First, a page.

Developmental Services Worker Program Train for
Variety of Roles
It is essential that we build a society in which everyone...
complete supervised field placements in semester three (two days per
week) and semester four (three days per week). In the...
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Developmental services worker program train for variety of roles

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The Developmental Services Worker program at Centennial College emphasizes a combination of professionalism and empathy that - when combined with in-depth knowledge - allows students to obtain roles in a number of organizations, including schools and residential homes.

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Developmental services worker program train for variety of roles

  1. 1. Developmental Services Worker Program Train for Variety of Roles It is essential that we build a society in which everyone plays a role and no one is excluded. The challenge for the professionals who work and support people of all ages with developmental or intellectual disabilities is to enhance their clients’ presence and participation in their community. It’s not surprise then that these professionals work in a range of areas, among which are: • In-home, supporting individuals who are considered “higher functioning” so that they may remain independent • In-home, supporting families of those with developmental delay by offering respite • In community organizations as residential counsellors who help their clients enjoy various activities • In schools with students who may need educational assistance • With not-for-profit organizations that cater to individuals with developmental disabilities • In the residential programs of long-term care facilities as activation directors Before they can enter the field, aspiring developmental services workers program must attend a post-secondary program. Centennial College offers one such program to those who are interested in a curriculum that emphasizes a deep understanding of the life experiences of people who have intellectual disabilities, values clarification, analysis, critical thinking, problem solving, affecting positive change, and communication skills. The most unique aspect of this offering is its emphasis and focus on proactive learning that includes a range of hands-on activities to teach students the skills they will need once they graduate and are ready to apply for jobs in the field. This interactive approach is facilitated both on and off campus. In classes, it is employed through projects that included research about new therapies and the history of disability, interactive seminars, community observations, Internet searches that teach students how to research the field, teamwork and electronic communication. Through these activities students learn topics such as: interpersonal skills, the nature of intellectual disability, health promotion and personal well-being, social psychology, support for personal healthcare, facilitation and leadership skills, teaching skills and more. Meanwhile, for the off-campus component, students have the opportunity to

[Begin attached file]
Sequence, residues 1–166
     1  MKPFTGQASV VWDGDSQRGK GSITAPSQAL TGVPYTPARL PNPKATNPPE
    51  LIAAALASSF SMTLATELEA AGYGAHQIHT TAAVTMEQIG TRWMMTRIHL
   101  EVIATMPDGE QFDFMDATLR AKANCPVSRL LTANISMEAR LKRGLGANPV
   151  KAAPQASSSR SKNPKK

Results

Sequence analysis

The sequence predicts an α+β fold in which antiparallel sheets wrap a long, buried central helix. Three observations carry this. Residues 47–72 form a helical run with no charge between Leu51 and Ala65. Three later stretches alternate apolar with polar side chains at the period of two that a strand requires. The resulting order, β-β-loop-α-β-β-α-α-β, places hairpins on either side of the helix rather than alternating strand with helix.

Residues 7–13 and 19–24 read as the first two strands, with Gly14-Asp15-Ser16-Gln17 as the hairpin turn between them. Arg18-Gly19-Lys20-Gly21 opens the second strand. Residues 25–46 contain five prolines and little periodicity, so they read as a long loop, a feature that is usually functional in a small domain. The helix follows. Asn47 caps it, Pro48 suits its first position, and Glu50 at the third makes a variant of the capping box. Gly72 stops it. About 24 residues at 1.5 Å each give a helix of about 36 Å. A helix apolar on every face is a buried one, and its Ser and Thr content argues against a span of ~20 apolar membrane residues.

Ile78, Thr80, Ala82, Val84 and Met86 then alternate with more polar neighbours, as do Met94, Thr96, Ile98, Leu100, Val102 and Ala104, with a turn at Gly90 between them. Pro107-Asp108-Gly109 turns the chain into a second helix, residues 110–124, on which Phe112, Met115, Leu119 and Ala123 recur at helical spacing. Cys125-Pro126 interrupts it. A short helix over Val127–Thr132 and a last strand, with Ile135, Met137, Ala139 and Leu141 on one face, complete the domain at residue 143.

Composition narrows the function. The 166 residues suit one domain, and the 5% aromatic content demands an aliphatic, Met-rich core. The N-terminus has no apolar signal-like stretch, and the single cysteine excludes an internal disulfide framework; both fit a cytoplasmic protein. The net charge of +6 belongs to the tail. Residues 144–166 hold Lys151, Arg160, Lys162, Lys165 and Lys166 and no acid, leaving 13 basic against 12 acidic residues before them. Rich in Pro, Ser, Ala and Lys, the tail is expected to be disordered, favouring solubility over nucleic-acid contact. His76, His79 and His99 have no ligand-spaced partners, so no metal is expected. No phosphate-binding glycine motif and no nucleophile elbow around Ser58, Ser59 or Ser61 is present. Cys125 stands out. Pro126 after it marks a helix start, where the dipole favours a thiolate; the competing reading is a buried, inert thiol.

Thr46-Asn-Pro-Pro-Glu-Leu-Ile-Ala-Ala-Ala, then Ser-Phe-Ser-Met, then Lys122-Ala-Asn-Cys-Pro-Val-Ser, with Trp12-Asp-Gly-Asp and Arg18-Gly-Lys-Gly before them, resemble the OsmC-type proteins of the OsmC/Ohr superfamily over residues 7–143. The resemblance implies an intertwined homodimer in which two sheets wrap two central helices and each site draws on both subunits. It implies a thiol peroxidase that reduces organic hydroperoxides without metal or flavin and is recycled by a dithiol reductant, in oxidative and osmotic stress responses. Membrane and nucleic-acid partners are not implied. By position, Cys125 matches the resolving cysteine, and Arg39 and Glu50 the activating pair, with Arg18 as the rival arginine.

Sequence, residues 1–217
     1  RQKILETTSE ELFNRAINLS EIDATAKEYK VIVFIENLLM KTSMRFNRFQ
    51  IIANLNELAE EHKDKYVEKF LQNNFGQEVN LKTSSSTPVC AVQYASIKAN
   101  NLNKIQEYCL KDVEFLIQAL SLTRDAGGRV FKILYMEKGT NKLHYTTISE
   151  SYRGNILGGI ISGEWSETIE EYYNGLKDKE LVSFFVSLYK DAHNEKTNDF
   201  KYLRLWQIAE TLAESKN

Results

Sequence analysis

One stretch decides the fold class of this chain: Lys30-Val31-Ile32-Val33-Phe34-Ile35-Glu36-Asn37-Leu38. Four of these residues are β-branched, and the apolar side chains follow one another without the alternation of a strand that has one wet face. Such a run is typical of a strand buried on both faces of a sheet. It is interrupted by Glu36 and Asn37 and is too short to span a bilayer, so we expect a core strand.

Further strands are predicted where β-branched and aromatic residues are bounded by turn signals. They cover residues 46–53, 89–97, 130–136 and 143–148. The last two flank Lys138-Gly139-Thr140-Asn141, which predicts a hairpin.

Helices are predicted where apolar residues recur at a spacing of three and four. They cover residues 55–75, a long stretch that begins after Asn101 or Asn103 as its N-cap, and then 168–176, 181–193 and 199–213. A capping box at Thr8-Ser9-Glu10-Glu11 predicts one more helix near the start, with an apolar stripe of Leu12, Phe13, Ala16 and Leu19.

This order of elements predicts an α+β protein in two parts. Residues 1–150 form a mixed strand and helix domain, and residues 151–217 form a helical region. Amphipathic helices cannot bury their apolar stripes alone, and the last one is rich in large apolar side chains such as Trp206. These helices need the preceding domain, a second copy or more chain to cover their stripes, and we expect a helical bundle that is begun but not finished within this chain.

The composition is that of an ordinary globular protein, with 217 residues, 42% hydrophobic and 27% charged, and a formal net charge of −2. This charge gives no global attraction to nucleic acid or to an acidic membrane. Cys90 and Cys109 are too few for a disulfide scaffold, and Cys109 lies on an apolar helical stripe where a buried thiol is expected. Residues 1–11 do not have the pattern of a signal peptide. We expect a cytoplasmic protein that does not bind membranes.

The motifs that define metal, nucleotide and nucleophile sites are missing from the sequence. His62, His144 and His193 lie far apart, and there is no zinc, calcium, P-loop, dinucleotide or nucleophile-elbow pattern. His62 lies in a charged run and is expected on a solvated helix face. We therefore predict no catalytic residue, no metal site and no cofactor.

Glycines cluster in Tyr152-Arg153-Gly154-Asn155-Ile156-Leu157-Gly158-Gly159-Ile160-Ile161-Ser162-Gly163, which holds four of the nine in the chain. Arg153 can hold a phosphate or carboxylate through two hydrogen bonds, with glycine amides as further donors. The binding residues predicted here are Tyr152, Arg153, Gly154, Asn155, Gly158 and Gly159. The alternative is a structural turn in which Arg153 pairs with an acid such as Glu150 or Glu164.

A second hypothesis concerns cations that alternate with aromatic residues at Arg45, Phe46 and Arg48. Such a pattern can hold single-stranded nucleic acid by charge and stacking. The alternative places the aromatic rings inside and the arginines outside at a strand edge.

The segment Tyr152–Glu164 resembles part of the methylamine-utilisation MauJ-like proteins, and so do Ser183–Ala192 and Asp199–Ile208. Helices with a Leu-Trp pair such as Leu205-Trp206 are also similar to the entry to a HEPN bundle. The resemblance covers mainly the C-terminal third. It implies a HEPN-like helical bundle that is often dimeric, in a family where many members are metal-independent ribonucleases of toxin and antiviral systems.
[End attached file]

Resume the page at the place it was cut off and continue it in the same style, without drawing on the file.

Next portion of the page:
2. 2. complete supervised field placements in semester three (two days per week) and semester four (three days per week). In the first field placement, students use the theory of Social Role Valorization to frame and understand the role of supporter. They become familiar with an understanding of: clients’ life experiences, the limits society has imposed on their opportunities, clients’ relationships, listening clients and the people in their lives, and tending to clients’ interests. Students take direction from the people they support to establish or enhance valued social roles in their life. In the second placement, meanwhile, students take responsibility for designing and implementing plans or strategies to teach and support individuals and/or work with communities. Facilitation and leadership skills, community development and, positive imagining and competencies for holistic the personal well-being and community inclusion for individuals they support are some of the areas they pursue in this placement.

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